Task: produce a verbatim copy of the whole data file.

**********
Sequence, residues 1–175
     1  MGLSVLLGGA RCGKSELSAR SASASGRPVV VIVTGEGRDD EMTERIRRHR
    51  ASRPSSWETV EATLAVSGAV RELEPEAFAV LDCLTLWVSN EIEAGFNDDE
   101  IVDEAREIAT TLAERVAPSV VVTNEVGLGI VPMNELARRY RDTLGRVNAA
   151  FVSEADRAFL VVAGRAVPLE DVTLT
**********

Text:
Sequence, residues 1–175
     1  MGLSVLLGGA RCGKSELSAR SASASGRPVV VIVTGEGRDD EMTERIRRHR
    51  ASRPSSWETV EATLAVSGAV RELEPEAFAV LDCLTLWVSN EIEAGFNDDE
   101  IVDEAREIAT TLAERVAPSV VVTNEVGLGI VPMNELARRY RDTLGRVNAA
   151  FVSEADRAFL VVAGRAVPLE DVTLT